In a sign that Mayor Richard Daley is still making big plans with just eight months left in office, he floated the idea Friday of undoing Chicago's greatest engineering feat — reversing the flow of the Chicago River away from Lake Michigan — to improve the ecology of the Great Lakes.
"I said, 'Boy that's a great project,' " Daley told the Tribune, recalling a conversation he had last week with his brother William as they sat near the lake. "Instead of diverting all that water, maybe we should reverse it (to flow into the lake).
"That's a great project, we have to start thinking about it now, and of course go to the business community and set up a committee and work with the Water Reclamation District and others and Army Corps of Engineers," Daley added. "That could be the salvation maybe of the Great Lakes."
Daley revealed his support for the idea during an interview in one of his office conference rooms three days after announcing he would not run for a record seventh term next year.
More than 100 years ago, city leaders completed decades of work that reversed the river's flow so that untreated sewage did not flow into the lake, source of the city's drinking water. The project also linked Chicago to the nation's shipping waterways.
But it diverted a significant amount of water from the lake and created a way for invasive species, like Asian carp, to get from the Mississippi River into the Great Lakes ecosystem. So Daley, who helped form an international coalition to protect the lakes, started thinking about re-reversing the river's flow.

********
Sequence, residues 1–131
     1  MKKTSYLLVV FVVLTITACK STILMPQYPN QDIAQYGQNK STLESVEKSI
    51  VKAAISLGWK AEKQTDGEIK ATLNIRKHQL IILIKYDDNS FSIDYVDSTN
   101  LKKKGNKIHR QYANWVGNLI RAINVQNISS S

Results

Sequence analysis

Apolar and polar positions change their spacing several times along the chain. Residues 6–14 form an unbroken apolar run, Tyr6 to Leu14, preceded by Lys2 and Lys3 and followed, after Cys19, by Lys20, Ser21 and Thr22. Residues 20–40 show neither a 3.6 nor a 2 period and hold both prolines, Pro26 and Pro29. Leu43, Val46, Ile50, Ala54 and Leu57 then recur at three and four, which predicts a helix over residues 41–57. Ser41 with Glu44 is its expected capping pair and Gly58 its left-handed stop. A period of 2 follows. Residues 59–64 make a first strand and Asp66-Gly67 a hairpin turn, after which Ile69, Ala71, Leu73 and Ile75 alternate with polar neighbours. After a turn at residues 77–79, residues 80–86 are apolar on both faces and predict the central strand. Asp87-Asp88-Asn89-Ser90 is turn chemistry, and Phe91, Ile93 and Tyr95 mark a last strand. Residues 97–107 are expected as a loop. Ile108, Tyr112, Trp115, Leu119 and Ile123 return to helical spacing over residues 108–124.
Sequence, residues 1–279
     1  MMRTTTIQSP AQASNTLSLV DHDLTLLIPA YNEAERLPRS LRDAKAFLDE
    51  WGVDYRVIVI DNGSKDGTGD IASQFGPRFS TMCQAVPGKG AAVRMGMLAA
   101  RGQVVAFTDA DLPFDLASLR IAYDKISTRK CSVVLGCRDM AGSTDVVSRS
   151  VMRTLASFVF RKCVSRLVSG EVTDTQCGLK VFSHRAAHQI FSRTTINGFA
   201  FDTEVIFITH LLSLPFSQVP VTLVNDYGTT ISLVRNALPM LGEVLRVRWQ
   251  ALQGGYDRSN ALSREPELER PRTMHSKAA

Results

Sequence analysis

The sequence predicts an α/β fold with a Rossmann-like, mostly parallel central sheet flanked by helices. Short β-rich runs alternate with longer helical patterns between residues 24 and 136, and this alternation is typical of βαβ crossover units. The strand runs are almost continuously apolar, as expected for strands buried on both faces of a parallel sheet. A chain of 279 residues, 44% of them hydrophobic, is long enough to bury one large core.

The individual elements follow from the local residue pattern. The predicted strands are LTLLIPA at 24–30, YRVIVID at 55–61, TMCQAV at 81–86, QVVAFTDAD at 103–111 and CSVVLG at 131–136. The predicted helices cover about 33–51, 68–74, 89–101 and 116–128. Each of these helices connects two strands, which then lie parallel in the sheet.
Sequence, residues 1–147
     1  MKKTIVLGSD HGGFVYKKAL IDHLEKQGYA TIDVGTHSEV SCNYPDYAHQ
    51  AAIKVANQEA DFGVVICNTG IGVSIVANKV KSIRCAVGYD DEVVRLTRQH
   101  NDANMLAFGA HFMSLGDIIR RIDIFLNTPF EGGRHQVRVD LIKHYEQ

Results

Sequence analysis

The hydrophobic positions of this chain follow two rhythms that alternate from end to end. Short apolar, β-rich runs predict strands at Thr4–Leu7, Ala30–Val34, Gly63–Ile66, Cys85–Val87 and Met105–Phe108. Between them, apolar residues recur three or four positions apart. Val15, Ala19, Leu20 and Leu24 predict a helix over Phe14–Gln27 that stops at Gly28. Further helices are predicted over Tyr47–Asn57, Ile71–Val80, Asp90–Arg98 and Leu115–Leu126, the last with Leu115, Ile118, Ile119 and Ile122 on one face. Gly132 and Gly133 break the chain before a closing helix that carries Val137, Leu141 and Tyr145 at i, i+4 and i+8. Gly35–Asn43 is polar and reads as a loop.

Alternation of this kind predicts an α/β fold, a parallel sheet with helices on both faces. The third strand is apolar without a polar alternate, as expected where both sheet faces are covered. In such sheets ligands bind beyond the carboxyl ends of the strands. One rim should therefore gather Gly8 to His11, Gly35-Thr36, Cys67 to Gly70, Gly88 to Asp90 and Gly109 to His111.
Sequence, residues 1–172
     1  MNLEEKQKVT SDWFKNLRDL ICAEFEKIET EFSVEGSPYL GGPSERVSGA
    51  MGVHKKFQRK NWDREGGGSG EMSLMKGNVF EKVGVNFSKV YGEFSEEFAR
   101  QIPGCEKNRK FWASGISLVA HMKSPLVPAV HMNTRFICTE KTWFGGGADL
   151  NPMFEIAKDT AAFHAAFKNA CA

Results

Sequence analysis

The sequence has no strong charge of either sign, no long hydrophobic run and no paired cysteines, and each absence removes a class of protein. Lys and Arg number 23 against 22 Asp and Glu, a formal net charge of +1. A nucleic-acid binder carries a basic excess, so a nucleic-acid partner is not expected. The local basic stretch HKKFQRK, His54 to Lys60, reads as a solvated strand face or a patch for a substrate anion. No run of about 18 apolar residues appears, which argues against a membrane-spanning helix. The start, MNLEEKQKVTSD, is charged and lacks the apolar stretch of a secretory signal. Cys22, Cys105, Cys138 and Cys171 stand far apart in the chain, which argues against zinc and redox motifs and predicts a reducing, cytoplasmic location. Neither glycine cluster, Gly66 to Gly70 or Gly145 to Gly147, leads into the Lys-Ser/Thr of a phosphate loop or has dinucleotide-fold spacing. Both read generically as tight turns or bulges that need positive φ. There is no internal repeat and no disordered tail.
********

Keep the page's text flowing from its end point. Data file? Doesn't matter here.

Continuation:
Daley went on to say that reversing the river wouldn't require the Metropolitan Water Reclamation District to reverse its long-standing opposition to treating sewage before it's dumped in the river.
"I don't think so," said the mayor, adding that the massive, ongoing Deep Tunnel project, designed to prevent stormwater overflow from contaminating the city's waterways, would have to progress much further before anything could be done. "If we get another tunnel built, which I think will be possible and everybody would support that, it would be possible in the next 20 years that we could have this, and that would really help ecology."
Some environmentalists and Great Lakes advocates have long lobbied Chicago to redesign its system to return the Chicago River to its original flow, though it would be expensive. Responding to Asian carp fears, U.S. Sen. Dick Durbin, D-Ill., has asked Congress to look at re-engineering the region's waterway system. That study would look at the feasibility of reversing the river's flow.
During the interview, Daley also reiterated that no one city or personal issue made him decide to make this term his last. Chicago's failure to land the 2016 Summer Olympics, the lousy economy and even the suicide of Chicago Public Schools President Michael Scott, a close friend, did not affect his decision to retire, Daley said. "Life goes on, and that doesn't mean you forget anyone," he said.
Despite a string of high-profile federal probes into the city hiring, contracts and inspections that ended in many criminal convictions, Daley said he had done enough over the years to combat corruption.
"There's not a significant amount of corruption," he said. "Yes, there is corruption, but like anything else, you take care of it, you weed it out and you move on."
He also defended himself from critics who contend he did much for downtown at the expense of the neighborhoods. Daley said he's built libraries, police stations, parks and schools in the neighborhoods but stressed the importance of investing in downtown.
"Downtown produces a lot of jobs, a lot of taxes and a lot of money," he said. "Most cities do not have downtowns. But we're fortunate to have both communities and (a) downtown."
Tribune reporters Joel Hood and Cynthia Dizikes contributed to this report.
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